The governor’s statement played into the larger politics of the fate of the plant, which is a crucial power source but also poses potential danger to millions of people. Indian Point will keep operating as its re-application processes comes to a head in 2016.

“Gov. Cuomo thinks this is just a nuclear power plant that’s in the wrong place,” said Arnold & Porter LLP environmental partner Ed McTiernan, a former administration official. “He’s committed to somehow phasing out Indian Point.”

The state has some leverage but the federal Nuclear Regulatory Commission holds the high cards when it comes to relicensing. Many believe the endgame for Indian Point will parallel a deal that settled the future New Jersey’s Oyster Creek plant, which agreed to a phased shutdown rather than install pricey and unsightly cooling towers.

“The New Jersey settlement is the model,” McTiernan said.

Retail Medical Clinics

Medical offices that open up inside pharmacies and supermarkets to deliver “drop-in, episodic care,” as Gottfried described it, have raised concern that the traditional doctor’s office could come under threat especially if a big retailer like Wal-Mart made a push into the growing health care delivery model.

In order to check big retail from undermining traditional Empire State medical practices, lawmakers including Gottfried have sponsored legislation, A.1411A, that would restrict the kinds of care such clinics could provide and hammer out how corporate ownership of such clinics would work.

“The State Senate has been open to that legislation,” said Gottfried, who sees “very definite” potential for the bill to move forward if Assembly Democrats can agree to provisions that would allow corporations to own — as opposed to simply leasing out — retail clinics.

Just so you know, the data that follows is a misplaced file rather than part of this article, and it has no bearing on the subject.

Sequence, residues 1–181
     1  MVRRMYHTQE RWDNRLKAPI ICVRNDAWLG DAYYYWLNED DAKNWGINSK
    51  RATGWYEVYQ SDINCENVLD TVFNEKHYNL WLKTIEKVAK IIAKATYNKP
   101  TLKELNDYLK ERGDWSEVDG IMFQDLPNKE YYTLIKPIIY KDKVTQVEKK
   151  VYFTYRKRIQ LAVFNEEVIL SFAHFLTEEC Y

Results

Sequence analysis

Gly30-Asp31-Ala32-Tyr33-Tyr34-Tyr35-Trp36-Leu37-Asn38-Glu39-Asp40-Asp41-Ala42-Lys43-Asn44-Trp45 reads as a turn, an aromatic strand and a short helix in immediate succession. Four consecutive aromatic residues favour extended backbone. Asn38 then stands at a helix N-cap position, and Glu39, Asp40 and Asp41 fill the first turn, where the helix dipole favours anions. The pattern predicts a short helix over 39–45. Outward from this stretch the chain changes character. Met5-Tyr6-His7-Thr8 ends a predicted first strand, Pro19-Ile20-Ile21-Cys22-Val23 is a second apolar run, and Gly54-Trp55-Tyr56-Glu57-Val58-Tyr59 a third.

Throwing Shade on Billionaires’ Row

Modern techniques have allowed for higher and slimmer construction to sprout up around New York City. But plans for as many as six skyscrapers along Manhattan’s 57th Street — referred to by real estate pros as billionaires’ row — have activists and city lawmakers worried about shadows darkening Central Park’s Sheep Meadow.

“On the Chinese calendar, 2016 is the Year of the Monkey. But if you look around in New York City it’s really going to be the year of the crane,” quipped attorney Kenneth Weissenberg, an EisnerAmper real estate services group co-chair.

Current zoning laws, which manage building heights based on floor-area ratios, can allow towers as high as 1,700 feet — as high as the spire atop One World Trade Center.

“There’s pressure on the City Council to start looking at this,” Weissenberg said.

Manhattan’s Community Board 5 has launched what it called “The Central Park Sunshine Task Force” and sources said the City Council also will likely field legislation to study the issue. The City Council gets final approval of zoning changes, which flow through the de Blasio administration via the City Planning Commission.

–Editing by Jeremy Barker.